Our Spanish school in Granada, Nicaragua offers intensive Spanish courses for 2 weeks, 3 weeks and 4 weeks. We have recently launched these scheduled Spanish lessons as all-inclusive courses as no other Spanish language schools in Nicaragua have ever offered. We are offering our best teaching experience for this program. We are assigning the best Spanish tutors for this course. We have selected the best host families in Granada for this program. We have organized the best afternoon field trips for this program. We have included the following for this program:  HOMESTAY: The number of days and night lodging in a private room with a host family, home-made meals, shared bathroom with the family, bathroom towels, room cleaning, purified water, Wi-Fi access; SCHOOL: the corresponding number of hours of Spanish instruction, coffee, cookies, filtered water, Wi-Fi access; afternoon excursions, cultural activities, certificate of completion. TRANSPORTATION: Airport pickup and return ride from Granada to Airport at the end of the course. All included in the course. For prices see:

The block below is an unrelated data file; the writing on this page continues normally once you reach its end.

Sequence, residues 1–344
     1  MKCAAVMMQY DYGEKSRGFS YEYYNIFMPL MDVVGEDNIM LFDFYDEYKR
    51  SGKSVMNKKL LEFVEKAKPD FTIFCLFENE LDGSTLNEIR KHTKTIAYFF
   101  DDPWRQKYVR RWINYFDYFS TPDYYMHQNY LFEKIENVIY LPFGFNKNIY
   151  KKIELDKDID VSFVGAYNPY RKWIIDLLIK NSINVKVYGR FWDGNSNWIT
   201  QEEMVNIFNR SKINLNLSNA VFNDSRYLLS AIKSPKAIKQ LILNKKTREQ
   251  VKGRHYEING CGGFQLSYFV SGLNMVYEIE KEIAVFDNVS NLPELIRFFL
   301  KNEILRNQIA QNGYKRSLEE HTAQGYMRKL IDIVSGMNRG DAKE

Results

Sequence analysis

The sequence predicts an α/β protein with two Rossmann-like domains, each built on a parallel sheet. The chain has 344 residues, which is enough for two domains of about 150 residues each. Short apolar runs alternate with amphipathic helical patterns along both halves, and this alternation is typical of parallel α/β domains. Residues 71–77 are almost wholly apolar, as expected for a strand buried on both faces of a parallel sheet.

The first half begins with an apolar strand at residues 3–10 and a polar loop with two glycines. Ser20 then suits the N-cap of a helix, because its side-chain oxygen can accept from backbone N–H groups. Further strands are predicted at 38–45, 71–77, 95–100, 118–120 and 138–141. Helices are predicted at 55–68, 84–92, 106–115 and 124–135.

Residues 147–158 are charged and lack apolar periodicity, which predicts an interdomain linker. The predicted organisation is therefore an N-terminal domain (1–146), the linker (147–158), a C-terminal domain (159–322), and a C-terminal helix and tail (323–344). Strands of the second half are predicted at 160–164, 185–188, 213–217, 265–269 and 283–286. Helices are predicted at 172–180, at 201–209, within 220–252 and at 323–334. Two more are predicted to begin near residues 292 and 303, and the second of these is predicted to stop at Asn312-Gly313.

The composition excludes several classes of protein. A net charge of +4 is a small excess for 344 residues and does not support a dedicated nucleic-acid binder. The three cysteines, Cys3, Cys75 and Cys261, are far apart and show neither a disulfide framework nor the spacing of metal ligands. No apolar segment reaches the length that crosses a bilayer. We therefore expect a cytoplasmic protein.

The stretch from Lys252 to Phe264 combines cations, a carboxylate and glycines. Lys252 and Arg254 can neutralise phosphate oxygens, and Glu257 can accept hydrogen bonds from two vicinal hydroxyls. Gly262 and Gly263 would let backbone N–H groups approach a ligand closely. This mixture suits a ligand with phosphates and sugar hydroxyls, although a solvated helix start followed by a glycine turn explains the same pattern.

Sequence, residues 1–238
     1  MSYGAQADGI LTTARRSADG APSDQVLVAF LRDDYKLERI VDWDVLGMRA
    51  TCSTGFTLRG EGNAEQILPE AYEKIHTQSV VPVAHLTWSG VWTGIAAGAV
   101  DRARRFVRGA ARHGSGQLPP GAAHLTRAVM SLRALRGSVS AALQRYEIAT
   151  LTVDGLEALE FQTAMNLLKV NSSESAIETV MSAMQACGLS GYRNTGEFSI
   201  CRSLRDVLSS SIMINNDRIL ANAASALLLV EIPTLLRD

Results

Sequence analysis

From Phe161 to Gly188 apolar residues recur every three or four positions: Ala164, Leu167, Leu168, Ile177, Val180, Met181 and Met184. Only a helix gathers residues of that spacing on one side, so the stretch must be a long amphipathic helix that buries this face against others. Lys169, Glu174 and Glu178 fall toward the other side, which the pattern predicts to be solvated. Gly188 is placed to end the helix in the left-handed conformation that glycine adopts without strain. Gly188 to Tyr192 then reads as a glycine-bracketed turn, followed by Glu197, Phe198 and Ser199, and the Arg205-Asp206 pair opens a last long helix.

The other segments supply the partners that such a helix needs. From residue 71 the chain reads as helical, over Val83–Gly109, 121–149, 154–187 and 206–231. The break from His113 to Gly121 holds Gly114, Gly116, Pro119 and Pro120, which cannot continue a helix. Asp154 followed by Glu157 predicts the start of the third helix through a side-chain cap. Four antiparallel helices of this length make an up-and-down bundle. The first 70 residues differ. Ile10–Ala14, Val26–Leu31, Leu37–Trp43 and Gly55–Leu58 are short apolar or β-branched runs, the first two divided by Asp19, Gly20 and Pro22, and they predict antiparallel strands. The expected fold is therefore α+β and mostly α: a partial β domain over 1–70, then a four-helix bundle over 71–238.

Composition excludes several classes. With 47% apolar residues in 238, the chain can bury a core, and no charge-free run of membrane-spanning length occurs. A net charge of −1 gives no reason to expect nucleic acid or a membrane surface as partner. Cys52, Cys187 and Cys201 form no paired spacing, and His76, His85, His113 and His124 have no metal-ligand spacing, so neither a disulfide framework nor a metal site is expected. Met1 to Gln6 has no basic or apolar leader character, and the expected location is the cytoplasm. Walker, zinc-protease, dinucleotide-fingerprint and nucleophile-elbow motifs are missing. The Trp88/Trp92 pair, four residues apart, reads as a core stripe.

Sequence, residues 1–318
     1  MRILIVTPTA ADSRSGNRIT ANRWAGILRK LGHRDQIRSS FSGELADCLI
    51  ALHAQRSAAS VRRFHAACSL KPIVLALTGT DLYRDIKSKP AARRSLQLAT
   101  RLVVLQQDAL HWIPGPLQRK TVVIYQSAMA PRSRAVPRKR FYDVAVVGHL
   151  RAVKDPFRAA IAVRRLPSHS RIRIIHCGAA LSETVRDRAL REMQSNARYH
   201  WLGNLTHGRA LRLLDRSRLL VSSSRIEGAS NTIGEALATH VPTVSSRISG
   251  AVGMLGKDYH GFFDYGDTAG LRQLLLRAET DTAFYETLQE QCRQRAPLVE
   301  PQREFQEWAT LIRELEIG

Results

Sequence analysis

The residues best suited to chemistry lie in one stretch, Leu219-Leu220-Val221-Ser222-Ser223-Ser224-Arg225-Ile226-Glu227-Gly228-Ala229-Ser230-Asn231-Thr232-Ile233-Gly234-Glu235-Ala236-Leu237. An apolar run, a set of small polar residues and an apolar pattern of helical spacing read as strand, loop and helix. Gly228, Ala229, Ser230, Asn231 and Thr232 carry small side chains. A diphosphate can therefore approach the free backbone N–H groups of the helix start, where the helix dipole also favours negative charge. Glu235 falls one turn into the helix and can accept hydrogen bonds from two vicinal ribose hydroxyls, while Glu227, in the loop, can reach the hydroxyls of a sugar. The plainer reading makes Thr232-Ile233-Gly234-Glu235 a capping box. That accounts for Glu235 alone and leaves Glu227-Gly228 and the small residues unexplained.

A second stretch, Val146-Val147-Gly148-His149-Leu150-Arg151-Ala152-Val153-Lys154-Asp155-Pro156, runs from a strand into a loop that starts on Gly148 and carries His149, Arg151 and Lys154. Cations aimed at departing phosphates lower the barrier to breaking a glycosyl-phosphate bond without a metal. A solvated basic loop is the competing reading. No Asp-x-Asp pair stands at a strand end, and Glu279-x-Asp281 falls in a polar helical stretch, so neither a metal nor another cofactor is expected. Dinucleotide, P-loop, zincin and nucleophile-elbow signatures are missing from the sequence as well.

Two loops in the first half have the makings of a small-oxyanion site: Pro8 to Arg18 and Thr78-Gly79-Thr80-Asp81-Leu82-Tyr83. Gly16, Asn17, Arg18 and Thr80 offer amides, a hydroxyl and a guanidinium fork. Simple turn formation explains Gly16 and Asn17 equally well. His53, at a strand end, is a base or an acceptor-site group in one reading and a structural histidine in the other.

Lodging and homestay in Granada Nicaragua